4.216 A number of submissions to this Inquiry observed that it was the practice of some approved residential aged care providers to require, as part of an agreement with the provider, that a person has appointed a financial and/or a lifestyle decision maker as a condition of entry into residential aged care. ARNLA, who supported the recommendation against such a requirement, referred to this as an ‘ingrained’ practice of providers.
4.217 The Office of the Public Advocate (Qld) observed that the
rationale for this policy is likely to be a financial and legal safeguard for the facility by ensuring that all people seeking placement have a mechanism in place to ensure continuity of decision-making in respect of the person’s placement should they cease to have capacity.
4.218 Other submissions outlined the complexities that aged care providers can face in relation to decision making. The ACN noted that ‘aged care providers can be significantly challenged by situations when an older person does not have advance care directives about the appointment of guardians and there is no suitable substitute decision maker to work with’. Resthaven stated that providers ‘face a real challenge for the older person who has not made any Advance Directives about the appointment of guardians prior to their loss of competency and where it is not evident there is a suitable substitute decision maker to work with’.
4.219 While recognising these challenges, the ALRC considers that appointing a representative decision maker should not be required as a condition of receipt of aged care. Advance planning for decision-making support in aged care should, however, be encouraged. Speech Pathology Australia argued that there is a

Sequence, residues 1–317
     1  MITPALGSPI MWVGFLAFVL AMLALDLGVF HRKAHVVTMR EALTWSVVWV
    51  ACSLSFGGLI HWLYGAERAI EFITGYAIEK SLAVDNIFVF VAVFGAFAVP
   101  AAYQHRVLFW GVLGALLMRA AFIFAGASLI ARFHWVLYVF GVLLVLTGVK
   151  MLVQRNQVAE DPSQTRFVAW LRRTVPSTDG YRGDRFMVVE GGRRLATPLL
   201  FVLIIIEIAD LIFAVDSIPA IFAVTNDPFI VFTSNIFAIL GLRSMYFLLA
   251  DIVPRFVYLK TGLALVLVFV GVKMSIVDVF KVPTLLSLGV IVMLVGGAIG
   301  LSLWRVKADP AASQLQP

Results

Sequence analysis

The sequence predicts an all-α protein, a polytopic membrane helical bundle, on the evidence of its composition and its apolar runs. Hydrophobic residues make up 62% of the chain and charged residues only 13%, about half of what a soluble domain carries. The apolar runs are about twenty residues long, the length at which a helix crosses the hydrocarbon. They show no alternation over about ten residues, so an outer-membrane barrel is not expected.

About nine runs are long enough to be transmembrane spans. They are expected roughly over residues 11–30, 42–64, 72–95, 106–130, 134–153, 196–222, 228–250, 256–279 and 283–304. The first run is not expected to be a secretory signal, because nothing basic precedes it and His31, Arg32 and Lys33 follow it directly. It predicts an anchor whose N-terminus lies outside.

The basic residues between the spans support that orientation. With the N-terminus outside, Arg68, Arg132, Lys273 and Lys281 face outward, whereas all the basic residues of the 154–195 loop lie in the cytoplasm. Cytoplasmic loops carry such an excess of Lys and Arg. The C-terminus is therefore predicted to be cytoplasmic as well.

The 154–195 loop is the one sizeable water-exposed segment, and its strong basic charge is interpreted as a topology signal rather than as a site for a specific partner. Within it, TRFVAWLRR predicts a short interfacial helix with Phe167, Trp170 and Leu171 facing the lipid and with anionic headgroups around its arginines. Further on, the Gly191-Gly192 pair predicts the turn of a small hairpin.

need for ongoing training and education for all aged care workers and health professionals regarding the importance of advance care planning and having those difficult conversations with clients as early as possible and across all levels of contact with the health and aged care systems. This must be seen as core business and addressed as a central element of aged care.
4.220 COTA was similarly concerned that any choice not to appoint a decision maker be an informed one, and suggested that providers be required to ‘inform care recipients of what the consequences may be if there is no one appointed and they become incapacitated in regard to decision making’.
4.221 ACSA opposed such a recommendation, arguing that it would be inconsistent with a market-based approach, ‘as it seeks to override contractual arrangements between an aged care provider and a care recipient’. However, the ALRC considers that requiring that a person has appointed a decision maker before entry into aged care is an inappropriate encroachment on the decision-making rights of older people. Further, it may have harmful effects on the older person. Seniors Legal and Support Service Hervey Bay argued that such a requirement meant that
too often older people appoint ‘risky’ attorneys or spend unnecessary time in hospital waiting for the tribunal to appoint a substitute decision maker because aged care facilities will not offer accommodation to prospective residents who do not have a substituted decision maker appointed.
4.222 As Seniors Rights Service argued:
a resident should have the right to choose whether or not they will appoint a substitute decision maker. The provider may wish to take steps to ensure that their fees are paid but this should not encroach on the fundamental rights of the resident to make their own decisions.
4.223 In keeping with an emphasis on respecting a person’s decision-making ability, the ALRC recommends that aged care legislation should provide that agreements entered into between an approved provider and a care recipient cannot require that the care recipient has appointed a decision maker for lifestyle, personal or financial matters.
Other issues relating to aged care agreements